Monday, December 21, 2009

All Tied Up and No Place to Go

December 20, 2009

In honor of my baby brother Scott's birthday, I thought I'd share a favorite family story that involves him.

My own personal favorite, and the one I tell to my classes every year (much to his chagrin), happened several years ago, when Scott was a tiny tot of about four. We lived, at that time, out in the country in big house on a couple of acres. During the summers, Mom would take the baby to daycare, but the other four of us were pretty much left to our own devices while she went to work. (Don't judge; it was a different time.) We four kids spent our days finding ways to amuse ourselves--playing marathon games of Monopoly, painting art masterpieces, running obstacle races across the yard, and playing hide and seek.

Hide and seek took hours; there were a million places to hide both inside the house and out. In order to give us all ample time to find the perfect hiding spot, we'd count S-L-O-W-L-Y to one hundred before the seeker was allowed to commence. Scott, the youngest of us at home, desperately wanted to play our favorite game with us. Unfortunately, due to his age, his counting ability was somewhat suspect, usually sounding something like, "1, 2, 3, 4, 5, 6, 7, 8, 9, 10, 17, 65, 83, 100. Ready or not, here I come!" Most of the time we were still trying to figure out where we wanted to go when Scott ran out of numbers that he knew, so he was no fun to play with. We all told him he couldn't play with us anymore.

Tears and tantrums ensued. He so much wanted to be one of the big kids, but we didn't want our game spoiled. However, Gary didn't want to get in trouble for not including Scott, either. Ultimately, he came up with what he thought was a brilliant plan. He explained to Scott that all we needed to do was to come up with a way to approximate the time it would take to count to 100 without him actually knowing the numbers. According to his best guesses, if Scott let us tie up his hands and legs (and blindfold him, for good measure), and if he let us push him up into the crawl space between the first and second stories of the house, then by the time he got himself unbound and down from the crawl space, it would be about the same amount of time it took any one of the rest of us to count to 100. (How Gary came up with this brilliant plan on the spot is beyond me; you've got to know Gary to know how he could make this seem like a perfectly rational solution.)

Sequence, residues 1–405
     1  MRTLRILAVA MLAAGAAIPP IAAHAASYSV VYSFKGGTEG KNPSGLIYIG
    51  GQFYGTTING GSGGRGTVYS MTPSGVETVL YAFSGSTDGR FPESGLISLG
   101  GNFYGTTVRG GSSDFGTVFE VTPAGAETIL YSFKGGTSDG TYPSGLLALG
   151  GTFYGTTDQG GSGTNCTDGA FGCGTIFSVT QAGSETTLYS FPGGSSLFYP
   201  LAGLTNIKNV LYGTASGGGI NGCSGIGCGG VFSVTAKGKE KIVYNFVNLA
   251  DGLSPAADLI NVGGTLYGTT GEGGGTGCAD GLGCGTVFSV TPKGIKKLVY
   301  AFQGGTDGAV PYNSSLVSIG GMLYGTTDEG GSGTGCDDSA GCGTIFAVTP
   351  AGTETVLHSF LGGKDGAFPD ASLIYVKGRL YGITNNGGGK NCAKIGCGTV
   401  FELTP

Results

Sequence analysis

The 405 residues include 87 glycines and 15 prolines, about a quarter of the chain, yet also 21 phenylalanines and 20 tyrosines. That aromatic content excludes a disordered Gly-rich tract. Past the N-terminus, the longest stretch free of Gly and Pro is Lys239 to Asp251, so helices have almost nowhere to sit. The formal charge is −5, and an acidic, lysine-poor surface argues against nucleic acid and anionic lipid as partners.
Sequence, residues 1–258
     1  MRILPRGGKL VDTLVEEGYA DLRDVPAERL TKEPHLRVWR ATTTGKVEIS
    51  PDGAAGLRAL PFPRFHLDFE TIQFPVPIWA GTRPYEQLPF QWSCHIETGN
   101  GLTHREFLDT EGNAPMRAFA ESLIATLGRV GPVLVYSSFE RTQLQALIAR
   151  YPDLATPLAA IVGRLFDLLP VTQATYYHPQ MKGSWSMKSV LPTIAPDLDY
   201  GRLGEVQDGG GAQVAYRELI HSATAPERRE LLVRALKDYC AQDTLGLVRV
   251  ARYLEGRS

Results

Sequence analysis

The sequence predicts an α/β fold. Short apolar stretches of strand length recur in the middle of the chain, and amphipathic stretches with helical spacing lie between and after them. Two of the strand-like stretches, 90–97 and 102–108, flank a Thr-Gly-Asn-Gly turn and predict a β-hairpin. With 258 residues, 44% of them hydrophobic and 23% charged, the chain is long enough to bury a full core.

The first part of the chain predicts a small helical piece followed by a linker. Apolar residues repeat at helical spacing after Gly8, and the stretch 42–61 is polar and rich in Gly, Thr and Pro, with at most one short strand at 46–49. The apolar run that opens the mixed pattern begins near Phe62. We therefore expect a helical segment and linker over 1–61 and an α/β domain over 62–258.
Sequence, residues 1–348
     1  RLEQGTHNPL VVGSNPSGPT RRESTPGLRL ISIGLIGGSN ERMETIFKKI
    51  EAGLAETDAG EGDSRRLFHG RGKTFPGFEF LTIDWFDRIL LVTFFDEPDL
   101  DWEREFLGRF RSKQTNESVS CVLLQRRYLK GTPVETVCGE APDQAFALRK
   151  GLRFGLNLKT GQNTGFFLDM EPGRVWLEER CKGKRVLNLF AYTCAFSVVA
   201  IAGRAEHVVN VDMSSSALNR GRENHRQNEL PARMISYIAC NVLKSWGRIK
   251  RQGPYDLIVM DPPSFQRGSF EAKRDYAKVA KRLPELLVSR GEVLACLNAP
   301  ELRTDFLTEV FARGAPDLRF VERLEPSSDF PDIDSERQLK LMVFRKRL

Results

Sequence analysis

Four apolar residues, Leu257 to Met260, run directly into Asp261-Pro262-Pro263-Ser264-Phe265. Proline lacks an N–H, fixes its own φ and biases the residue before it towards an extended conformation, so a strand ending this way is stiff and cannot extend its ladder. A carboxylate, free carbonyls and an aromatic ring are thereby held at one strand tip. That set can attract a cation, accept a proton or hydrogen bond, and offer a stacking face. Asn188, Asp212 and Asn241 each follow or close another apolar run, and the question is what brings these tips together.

Scott eagerly accepted the terms, and Lisa and I shrugged in agreement. Hide and seek would resume. We grabbed some rope and a scarf, and Scott pliantly submitted to the plan. Somehow Gary was able to hoist him up into the crawl space through the access point in Gary's closet. Satisfied that he was secured, we told him that on the count of three, we'd run, and he could start trying to untie himself. ONE, TWO, THREE!! We were off, and Scott was on his own. We sought out the best hiding places, and then sat and waited. And waited. And waited. And then got bored, tired of waiting. One by one, we wandered back into the house, game forgotten, ready to move on to the next diversion.

About three hours later, Mom came back home from work to find us, Gary, Lisa, and me, sitting in the living room watching "The Brady Bunch". She did a quick headcount (you've got to do that now and then, when you've got five kids), and realized she was one shy of a full set. "Where's Scott, guys?" she asked. We exchanged furtive glances, wide-eyed and more than a little scared to let Mom in on our afternoon's game plan. "We don't know, Mom. He must be playing in his room. We'll go find him for you!" We had forgotten all about him. We snuck back into Gary's room and peeked in the crawl space, where Scott was curled up in a ball, still bound, fast asleep. Gary woke him up, untied him, and threatened him never, ever, to tell Mom that we had tied him up. (Gary could be very convincing when he wanted to ensure things went his way.)

"I promise I won't tell!" he said rubbing the sleep out of his eyes and gingerly caressing the marks left on his wrists by the ropes. "But can we play again tomorrow?"

For the record, we never did. Not with restraints, anyway.


  1. LOL. That is a great memory. What a crazy plan...and I love that you all just left him there and watched the Brady Bunch.

    Merry Christmas!